Judge Alan Mahon’s verdict on corruption in Irish politics could not be more damning — it was deep rooted, rampant, and permeated every level.
Judge Mahon asked why political corruption — an open secret in the late 1980s and early 1990s — was allowed continue unabated.
“It continued because nobody was prepared to do enough to stop it,” he said.
“This is perhaps inevitable when corruption ceases to become an isolated event and becomes so entrenched that it is transformed into an acknowledged way of doing business.
“Specifically, because corruption affected every level of Irish political life, those with the power to stop it were frequently implicated in it.”
The judge warned that general apathy among the public towards corruption meant insufficient pressure on politicians to root it out.
However, there were some good guys: Judge Mahon credits former Green leader Trevor Sargent for helping to expose the scandal at a council meeting by waving in the air a £100 cheque from a developer and claiming it to be “part of the corruption in here”.
He had to be escorted from the chamber for his own protection from other councillors.
Michael Smith, the apparently despairing environment minister in May 1993, described rezoning as a debased currency. He ended up having to explain himself to three angered, yet ultimately corrupt councillors: Colm McGrath, GV Wright, and Cyril Gallagher.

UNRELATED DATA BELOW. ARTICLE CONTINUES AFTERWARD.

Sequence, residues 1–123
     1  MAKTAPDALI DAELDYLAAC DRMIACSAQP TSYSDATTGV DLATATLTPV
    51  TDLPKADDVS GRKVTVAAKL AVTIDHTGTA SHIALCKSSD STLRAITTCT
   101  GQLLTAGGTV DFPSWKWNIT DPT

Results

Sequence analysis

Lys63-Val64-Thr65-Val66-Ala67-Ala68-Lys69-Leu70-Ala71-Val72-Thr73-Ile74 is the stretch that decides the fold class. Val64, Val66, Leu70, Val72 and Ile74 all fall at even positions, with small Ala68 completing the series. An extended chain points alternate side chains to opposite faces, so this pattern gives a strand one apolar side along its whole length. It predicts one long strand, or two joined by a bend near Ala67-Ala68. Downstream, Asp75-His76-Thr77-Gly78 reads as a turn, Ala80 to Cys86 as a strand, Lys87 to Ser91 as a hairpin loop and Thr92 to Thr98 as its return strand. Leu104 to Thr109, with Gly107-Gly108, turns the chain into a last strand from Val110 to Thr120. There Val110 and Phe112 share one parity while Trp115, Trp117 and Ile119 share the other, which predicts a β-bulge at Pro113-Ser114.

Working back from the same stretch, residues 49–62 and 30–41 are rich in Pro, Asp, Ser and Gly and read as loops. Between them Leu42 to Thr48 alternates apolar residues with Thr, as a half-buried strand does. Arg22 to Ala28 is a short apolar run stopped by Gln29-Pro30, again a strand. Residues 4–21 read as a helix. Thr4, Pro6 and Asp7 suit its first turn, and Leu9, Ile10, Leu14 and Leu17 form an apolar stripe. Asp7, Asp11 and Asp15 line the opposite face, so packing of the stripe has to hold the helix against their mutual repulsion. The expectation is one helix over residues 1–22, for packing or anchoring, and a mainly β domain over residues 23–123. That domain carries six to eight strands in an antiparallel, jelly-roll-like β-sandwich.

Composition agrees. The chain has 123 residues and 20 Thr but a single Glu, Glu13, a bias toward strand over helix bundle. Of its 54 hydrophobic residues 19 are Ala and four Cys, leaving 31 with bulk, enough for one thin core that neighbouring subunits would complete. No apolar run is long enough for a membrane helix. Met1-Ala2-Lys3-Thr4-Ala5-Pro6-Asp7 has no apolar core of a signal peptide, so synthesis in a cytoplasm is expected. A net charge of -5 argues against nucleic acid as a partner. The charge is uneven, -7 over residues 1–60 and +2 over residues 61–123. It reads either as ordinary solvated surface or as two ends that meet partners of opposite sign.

The tribunal issued the following recommendations to prevent a repeat:
* Breaches of political ethics rules should be a criminal offence.
* A new planning regulator to remove power from the environment minister to direct regional and local authorities.
* There should also be a ban on gifts over a certain amount.
* The Standards in Public Office Commission should be allowed to take anonymous complaints and get more power to enforce conflicts of interest measures for TDs and councillors.
* Political funding should be limited to €1,000 per member of a party.
Judge Mahon added: “Corruption, and in particular political corruption, is a deeply corrosive and destructive force.
“Political corruption diverts public resources to the benefit of the few and at the expense of the many. It undermines social equality and perpetuates unfairness.
“Corruption in public office is a fundamental breach of public trust and inherently incompatible with the democratic nature of the State.”
READ THE FINAL MAHON REPORT HERE
© Irish Examiner Ltd. All rights reserved